Do you still pay your mortgage lender if it goes bankrupt?

Yes, even if your lender goes bankrupt, you still have to pay your mortgage. As part of the bankruptcy proceedings, your loan will likely be sold off to another company, and they’ll expect you to continue payments.

If you do stop paying your mortgage, you could put yourself at risk of foreclosure by whoever winds up owning your loan after the mortgage lender’s bankruptcy proceedings finish. They might cut you a little slack if a payment is late, given the delays that can happen during a changeover; grace periods are standard. But don’t try to take advantage of the situation by deliberately being tardy or making incomplete payments.

Steps to protect your finances if your mortgage lender goes bankrupt

If you find out that your lender has gone bankrupt, don’t panic. For borrowers, these types of takeovers are often pretty seamless. Still, it’s important to stay on top of the situation. This means:

  1. Keep making payments. Even while things are in flux, your obligation to pay your mortgage remains the same. If you don’t, you could be giving the new lender grounds to foreclose.
  2. Stay tuned for updates. You should receive details about the future of your loan, including information about your new lender and where to send payments. Look out for mail, email, texts or phone calls regarding these updates, so you don’t mistakenly miss a payment.
  3. Set up a new online account. If you make your mortgage payments online, you may need to create an account with your new lender or servicer. After setting it up, keep an eye on your account to make sure your payments go through.
  4. Contact your lender with any questions. Don’t hesitate to reach out to your lender if you’re unsure about what the bankruptcy means for your mortgage. If you don’t hear back, you have the ability to file a complaint with the CFPB.

How to find out who holds your mortgage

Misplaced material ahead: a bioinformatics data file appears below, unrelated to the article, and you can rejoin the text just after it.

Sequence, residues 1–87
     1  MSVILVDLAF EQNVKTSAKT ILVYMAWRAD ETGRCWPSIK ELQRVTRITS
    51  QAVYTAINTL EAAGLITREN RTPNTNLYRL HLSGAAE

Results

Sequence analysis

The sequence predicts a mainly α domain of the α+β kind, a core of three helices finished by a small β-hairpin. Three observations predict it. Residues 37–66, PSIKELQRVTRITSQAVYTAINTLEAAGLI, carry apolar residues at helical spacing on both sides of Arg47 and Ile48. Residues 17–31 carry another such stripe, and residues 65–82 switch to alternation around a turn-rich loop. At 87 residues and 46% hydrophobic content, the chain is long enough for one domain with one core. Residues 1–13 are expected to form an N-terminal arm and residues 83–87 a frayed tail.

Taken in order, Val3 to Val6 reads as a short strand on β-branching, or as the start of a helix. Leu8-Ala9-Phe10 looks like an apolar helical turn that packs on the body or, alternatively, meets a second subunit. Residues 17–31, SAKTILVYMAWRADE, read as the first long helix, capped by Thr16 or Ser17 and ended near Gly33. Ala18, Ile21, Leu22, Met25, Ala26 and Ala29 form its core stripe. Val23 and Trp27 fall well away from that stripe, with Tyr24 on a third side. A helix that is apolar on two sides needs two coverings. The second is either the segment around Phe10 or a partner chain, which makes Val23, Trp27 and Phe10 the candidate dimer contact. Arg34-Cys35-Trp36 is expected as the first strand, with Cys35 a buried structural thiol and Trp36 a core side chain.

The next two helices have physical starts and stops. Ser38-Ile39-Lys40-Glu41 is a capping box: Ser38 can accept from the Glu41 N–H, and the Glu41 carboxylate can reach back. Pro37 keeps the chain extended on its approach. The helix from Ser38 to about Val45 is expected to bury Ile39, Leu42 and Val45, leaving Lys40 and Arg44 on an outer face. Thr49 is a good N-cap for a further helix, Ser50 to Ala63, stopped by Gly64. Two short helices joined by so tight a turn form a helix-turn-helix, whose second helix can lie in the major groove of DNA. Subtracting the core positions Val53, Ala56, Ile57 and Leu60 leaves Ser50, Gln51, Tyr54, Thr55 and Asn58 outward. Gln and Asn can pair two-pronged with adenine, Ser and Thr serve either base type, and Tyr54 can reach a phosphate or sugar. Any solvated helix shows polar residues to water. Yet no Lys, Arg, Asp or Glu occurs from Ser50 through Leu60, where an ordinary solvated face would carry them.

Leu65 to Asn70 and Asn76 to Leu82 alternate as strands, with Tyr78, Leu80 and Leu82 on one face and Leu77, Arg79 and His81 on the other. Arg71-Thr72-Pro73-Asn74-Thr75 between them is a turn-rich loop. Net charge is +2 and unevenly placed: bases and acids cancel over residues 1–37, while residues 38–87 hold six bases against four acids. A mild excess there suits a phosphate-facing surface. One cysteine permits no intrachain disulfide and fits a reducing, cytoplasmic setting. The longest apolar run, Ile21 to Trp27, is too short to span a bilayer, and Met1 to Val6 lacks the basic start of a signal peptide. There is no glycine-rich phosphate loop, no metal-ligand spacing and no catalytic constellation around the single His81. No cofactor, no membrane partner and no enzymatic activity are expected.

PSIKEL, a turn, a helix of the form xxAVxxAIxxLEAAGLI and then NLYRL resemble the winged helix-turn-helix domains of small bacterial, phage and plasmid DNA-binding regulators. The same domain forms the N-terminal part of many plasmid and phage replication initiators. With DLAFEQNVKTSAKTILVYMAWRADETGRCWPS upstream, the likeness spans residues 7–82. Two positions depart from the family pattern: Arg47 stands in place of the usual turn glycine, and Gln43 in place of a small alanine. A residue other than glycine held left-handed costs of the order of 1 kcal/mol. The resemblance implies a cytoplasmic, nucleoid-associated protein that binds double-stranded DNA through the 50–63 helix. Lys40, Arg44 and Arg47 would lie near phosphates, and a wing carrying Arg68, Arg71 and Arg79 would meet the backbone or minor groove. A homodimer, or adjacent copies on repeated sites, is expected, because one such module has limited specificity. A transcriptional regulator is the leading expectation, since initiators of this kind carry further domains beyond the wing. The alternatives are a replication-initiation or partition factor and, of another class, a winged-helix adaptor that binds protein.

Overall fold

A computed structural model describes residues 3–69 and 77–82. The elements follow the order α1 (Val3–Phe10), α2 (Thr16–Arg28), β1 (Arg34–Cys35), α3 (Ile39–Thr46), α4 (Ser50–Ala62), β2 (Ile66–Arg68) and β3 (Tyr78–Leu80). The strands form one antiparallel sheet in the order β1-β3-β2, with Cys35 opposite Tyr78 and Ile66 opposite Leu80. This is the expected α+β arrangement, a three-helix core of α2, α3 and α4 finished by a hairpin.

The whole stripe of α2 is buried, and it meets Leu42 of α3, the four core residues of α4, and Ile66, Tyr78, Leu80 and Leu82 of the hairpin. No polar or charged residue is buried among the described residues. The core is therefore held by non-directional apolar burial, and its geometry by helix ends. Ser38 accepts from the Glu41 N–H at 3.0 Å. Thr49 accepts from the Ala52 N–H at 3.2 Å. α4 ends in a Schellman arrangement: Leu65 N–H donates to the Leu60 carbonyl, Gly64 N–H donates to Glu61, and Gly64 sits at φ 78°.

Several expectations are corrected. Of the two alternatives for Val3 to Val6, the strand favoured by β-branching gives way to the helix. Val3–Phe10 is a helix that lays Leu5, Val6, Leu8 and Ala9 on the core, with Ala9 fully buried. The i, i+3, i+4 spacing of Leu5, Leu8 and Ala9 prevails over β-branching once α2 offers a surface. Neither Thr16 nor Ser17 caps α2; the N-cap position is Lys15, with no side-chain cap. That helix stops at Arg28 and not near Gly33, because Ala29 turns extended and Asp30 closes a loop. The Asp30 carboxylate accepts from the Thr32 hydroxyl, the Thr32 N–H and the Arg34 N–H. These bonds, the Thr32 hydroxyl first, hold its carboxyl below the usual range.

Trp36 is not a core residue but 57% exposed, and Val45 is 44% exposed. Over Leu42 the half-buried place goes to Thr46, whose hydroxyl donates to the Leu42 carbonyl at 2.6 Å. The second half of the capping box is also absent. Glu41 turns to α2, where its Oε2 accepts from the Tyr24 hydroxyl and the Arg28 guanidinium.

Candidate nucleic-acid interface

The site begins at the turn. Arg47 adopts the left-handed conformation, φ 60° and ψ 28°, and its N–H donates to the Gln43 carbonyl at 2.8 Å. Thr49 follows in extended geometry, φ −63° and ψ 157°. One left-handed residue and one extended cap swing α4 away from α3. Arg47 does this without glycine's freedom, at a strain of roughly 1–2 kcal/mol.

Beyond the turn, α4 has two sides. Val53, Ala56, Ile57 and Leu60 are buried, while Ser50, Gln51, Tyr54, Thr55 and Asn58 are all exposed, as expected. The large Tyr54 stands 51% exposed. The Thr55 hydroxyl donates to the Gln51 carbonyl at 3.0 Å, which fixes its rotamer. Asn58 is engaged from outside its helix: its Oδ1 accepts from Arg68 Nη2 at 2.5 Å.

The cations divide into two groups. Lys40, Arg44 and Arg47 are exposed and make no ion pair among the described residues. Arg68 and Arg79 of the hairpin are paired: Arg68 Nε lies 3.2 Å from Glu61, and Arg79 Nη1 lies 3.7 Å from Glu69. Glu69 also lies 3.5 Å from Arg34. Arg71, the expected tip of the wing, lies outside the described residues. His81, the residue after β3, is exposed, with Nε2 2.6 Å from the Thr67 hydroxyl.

If you’re unsure who owns your mortgage, you can look your loan up online via Fannie Mae or Freddie Mac, call your mortgage servicer or send a written request to your servicer requesting the name of your mortgage owner. (The CFPB has a downloadable sample letter you can customize and send to your servicer.) The servicer is required by law to provide you, to the best of its knowledge, the name, address and telephone number of the party that owns your loan.

Don’t be surprised if the name is different from that of the institution you applied to and got approved by. Mortgages change hands all the time.

Other reasons your mortgage could be sold
While they are often due to financial distress, bankruptcies are not the only reason your mortgage could be sold. There are limits in place that restrict how much a bank is able to loan based on its deposits. If the bank needs to balance its books, it could sell off your mortgage to make room for additional loans and credit lines. Or it could do so simply to raise capital or ready cash. In fact, the majority of loan originators — the institutions that actually give you the funds — sell their mortgage debt. That’s how they live to loan another day.

How to deal with your new mortgage lender

While you probably won’t get any advance notice that your lender is in financial trouble, you should eventually receive mail explaining the changing of hands, says Ethan Taub, CEO of Goalry, Inc, a financial advice platform. Some things you can do to help make the transition smoother for yourself include:

  • Call your lender: “It would be good practice to at least have a phone call with your new lender,” says Taub. “This way you can learn more about them and any changes in how they operate regarding receiving payments, making accelerated payments if you choose to do so and other matters you have questions about.”
  • Check your account: When you chat with the new lender, check that your account is current, as well.
  • Confirm payments: Any payments you’ve made during the handover should be forwarded to the new lender, but you don’t want anything getting lost in transit.
  • Check payment procedures: Double-check the procedure for how to make your mortgage payments to the new lender. For example, if you prefer to pay via auto-pay, make sure you’re all set up to do so with the new lender. If you prefer to mail payments, confirm the new lender’s address.

Again, if your mortgage lender fails or files for bankruptcy, nothing should change for you personally. All of your loan terms — your interest rate, monthly payment and remaining balance — will remain the same. Still, be sure to contact your new lender and confirm new payment and loan procedures to make sure you are on the same page going forward. And hang onto the original documents and the final statements from your old lender, for easy comparison — just in case.

Additional reporting by Taylor Freitas